“Lake George is not a petri dish,” Lake George Association attorney Michael Crowe told Justice Robert J. Muller in state Supreme Court on June 8. “Before we dump a chemical into Lake George, where no chemical herbicide has ever been used to control Eurasian watermilfoil, a chemical that no court order can suction up if it damages the ecosystem, let’s take our time and thoroughly study this.”
The LGA has asked Muller to enjoin the Lake George Park Commission from treating the invasive aquatic weed with the herbicide ProcellaCOR until he has fully considered the organization’s suit against the Adirondack Park Agency, which it filed May 12, seeking to annul the permit the agency granted the Lake George Park Commission, authorizing it to use the chemical as part of a pilot project in two bays on northern Lake George.
Muller said he would render a decision “at the earliest opportunity.”
It was expected to be delivered before Wednesday, June 15.
If Muller grants the LGA a preliminary injunction, he will have effectually prevented the Park Commission from using the herbicide in Lake George this year.
Was the APA Ruling Rushed, Arbitrary and Capricious?
According to Muller, the Court’s mandate was limited to determining if the Adirondack Park Agency failed to comply with its own procedural requirements when it approved the use of the chemical at its April 14 meeting.
The LGA charges the approval process was “procedurally flawed and arbitrary and capricious.”
Among other things, the LGA alleges that the APA “orchestrated a rushed process to approve the use of an herbicide in Lake George despite an outpouring of technical and scientific opposition.”
Michael Crowe told Justice Muller on June 8 that “if a determination by an agency is not supported by the record, that determination is necessarily arbitrary and capricious.”
Whether the public has had sufficient time and opportunity to weigh in on the Park Commission’s proposal to treat invasive aquatic weeds with chemicals was among the questions posed by Justice Muller.
“A lot of attention has been paid to this issue,” said Muller.
“Given the level of public interest, why were there no public hearings? Wouldn’t it have been of benefit to have the comments of the public articulated?”
Crowe told Muller that public hearings were precisely what the LGA has advocated, especially since members of the APA board appear to have been denied access to the comments of roughly one hundred members of the public, as well as experts such as Dr. Carol Collins and Lake George Waterkeeper Chris Navitsky, who joined the suit against the APA.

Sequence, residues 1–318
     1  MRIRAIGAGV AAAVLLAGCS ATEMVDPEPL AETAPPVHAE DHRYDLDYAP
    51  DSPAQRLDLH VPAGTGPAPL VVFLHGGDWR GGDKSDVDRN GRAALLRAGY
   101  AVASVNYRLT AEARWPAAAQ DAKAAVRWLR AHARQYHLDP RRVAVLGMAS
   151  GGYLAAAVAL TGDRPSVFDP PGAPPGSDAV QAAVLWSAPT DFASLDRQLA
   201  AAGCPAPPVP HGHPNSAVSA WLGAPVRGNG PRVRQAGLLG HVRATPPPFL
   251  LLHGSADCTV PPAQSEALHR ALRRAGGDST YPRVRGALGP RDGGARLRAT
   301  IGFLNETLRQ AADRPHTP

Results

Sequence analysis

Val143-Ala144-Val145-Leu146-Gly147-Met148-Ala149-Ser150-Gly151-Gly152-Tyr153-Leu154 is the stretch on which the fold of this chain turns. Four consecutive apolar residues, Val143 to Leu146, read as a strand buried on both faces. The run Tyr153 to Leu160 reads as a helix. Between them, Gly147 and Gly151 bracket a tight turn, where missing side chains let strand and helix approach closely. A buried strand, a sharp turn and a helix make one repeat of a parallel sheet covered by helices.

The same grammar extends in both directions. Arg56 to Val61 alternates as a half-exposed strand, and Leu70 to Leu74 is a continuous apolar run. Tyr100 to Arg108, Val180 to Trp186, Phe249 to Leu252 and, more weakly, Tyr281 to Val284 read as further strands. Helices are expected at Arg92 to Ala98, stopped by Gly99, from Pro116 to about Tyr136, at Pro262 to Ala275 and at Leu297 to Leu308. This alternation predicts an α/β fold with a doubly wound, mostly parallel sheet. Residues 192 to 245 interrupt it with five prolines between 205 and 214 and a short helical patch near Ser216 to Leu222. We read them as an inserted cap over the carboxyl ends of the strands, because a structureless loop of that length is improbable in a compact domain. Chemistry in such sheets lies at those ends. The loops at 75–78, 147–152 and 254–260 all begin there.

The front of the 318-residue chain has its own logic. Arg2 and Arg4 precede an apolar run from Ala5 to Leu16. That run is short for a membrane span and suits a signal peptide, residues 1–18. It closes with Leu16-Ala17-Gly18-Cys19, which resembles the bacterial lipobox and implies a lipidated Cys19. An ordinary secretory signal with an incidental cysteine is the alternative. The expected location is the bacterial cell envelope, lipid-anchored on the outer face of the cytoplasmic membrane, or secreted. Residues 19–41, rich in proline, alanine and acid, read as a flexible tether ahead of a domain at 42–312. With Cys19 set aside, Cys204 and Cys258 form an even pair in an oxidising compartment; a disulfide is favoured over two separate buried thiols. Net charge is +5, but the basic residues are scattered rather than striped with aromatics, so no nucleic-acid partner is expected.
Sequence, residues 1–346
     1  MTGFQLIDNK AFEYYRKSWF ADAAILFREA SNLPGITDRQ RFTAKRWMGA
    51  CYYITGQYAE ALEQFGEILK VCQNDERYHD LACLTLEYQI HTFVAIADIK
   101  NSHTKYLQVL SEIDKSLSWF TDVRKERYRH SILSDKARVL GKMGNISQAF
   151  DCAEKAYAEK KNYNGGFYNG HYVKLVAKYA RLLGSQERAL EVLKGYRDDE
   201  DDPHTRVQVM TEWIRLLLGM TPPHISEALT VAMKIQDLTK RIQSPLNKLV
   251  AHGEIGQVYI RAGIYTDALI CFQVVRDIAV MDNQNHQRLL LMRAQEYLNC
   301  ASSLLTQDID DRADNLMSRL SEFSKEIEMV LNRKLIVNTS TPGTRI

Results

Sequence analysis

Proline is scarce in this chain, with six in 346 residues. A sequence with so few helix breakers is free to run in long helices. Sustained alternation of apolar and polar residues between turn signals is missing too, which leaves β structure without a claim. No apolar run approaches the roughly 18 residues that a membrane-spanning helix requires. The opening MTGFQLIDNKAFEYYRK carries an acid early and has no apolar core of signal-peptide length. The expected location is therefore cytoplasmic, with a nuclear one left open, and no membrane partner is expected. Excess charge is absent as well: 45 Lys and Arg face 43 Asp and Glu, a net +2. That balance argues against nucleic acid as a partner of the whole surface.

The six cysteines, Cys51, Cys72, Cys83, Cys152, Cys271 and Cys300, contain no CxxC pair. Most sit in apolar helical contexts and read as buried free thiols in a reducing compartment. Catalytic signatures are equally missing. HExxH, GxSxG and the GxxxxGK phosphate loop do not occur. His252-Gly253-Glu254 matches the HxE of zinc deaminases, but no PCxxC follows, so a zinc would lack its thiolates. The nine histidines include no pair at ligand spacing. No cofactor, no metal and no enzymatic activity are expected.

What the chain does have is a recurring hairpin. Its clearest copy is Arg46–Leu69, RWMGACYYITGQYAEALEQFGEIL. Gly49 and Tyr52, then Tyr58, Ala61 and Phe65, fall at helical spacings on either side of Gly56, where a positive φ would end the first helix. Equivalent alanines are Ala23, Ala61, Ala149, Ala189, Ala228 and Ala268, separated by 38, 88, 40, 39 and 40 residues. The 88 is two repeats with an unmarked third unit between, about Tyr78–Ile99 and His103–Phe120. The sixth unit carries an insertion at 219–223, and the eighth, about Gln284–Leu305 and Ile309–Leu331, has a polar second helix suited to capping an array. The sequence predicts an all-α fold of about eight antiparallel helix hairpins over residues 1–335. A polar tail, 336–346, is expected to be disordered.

The LGA also claims that residents of Glenburnie and Huletts Landing – the locations of the bays slated for treatment – were not adequately informed of the proposed treatments.
A resident of Huletts Landing has also joined the suit to annul the permits.
Joshua Tallent, an Assistant Attorney General within the AG’s Environmental Protection Bureau charged with defending the APA, said the public was given ample opportunity to comment upon the proposal.
Tallent added that he saw no reason for holding public hearings since several New York State agencies and divisions within agencies reviewed the impacts of ProcellaCOR on drinking water and aquatic organisms before the Department of Environmental Conservation’s Bureau of Pesticide Management approved the use of the herbicide in New York in 2019.
“There were no issues or gaps in the data presented to the Adirondack Park Agency,” Tallent said.
Is Time Truly of the Essence?
Justice Muller also questioned the urgency of applying the herbicide to milfoil this year.
“Lake George has been here for 12,000 years. Milfoil has been here for 34 years. What is the urgency in applying the herbicide within the next few days rather than a year from now? Where is the harm in a pause?” Muller asked.
According to Tallent, the harm would inure to the environment, as Eurasian milfoil threatens the lake’s ecology, and to the taxpayers of New York, who have spent more than seven million dollars over the course of thirty-four years attempting to manage Eurasian milfoil with such methods as benthic barriers, hand harvesting, and diver-assisted suction harvesting.
Crowe said the LGA has offered to study the chemical and its potential impacts on Lake George’s ecosystem without depositing it in the lake itself.
The benefits to be gained by continuing to treat milfoil with time-tested methods, “without adding a toxic chemical to the lake” outweigh the risks of applying ProcellaCOR without further study, Crowe said.
Muller asked what, if any, consequences were to be suffered if the LGA was allowed to conduct an independent study of ProcellaCOR.
Tallent said the LGA has not shown why such a study is necessary, since the chemical has already been studied by the EPA and reviewed by several New York State agencies and divisions within those agencies.
“We do not need new studies,” said Tallent. “The DEC determined that ProcellaCOR is ‘practically non-toxic,’ the safest category possible for a chemical, and concluded that its use was appropriate for Lake George.”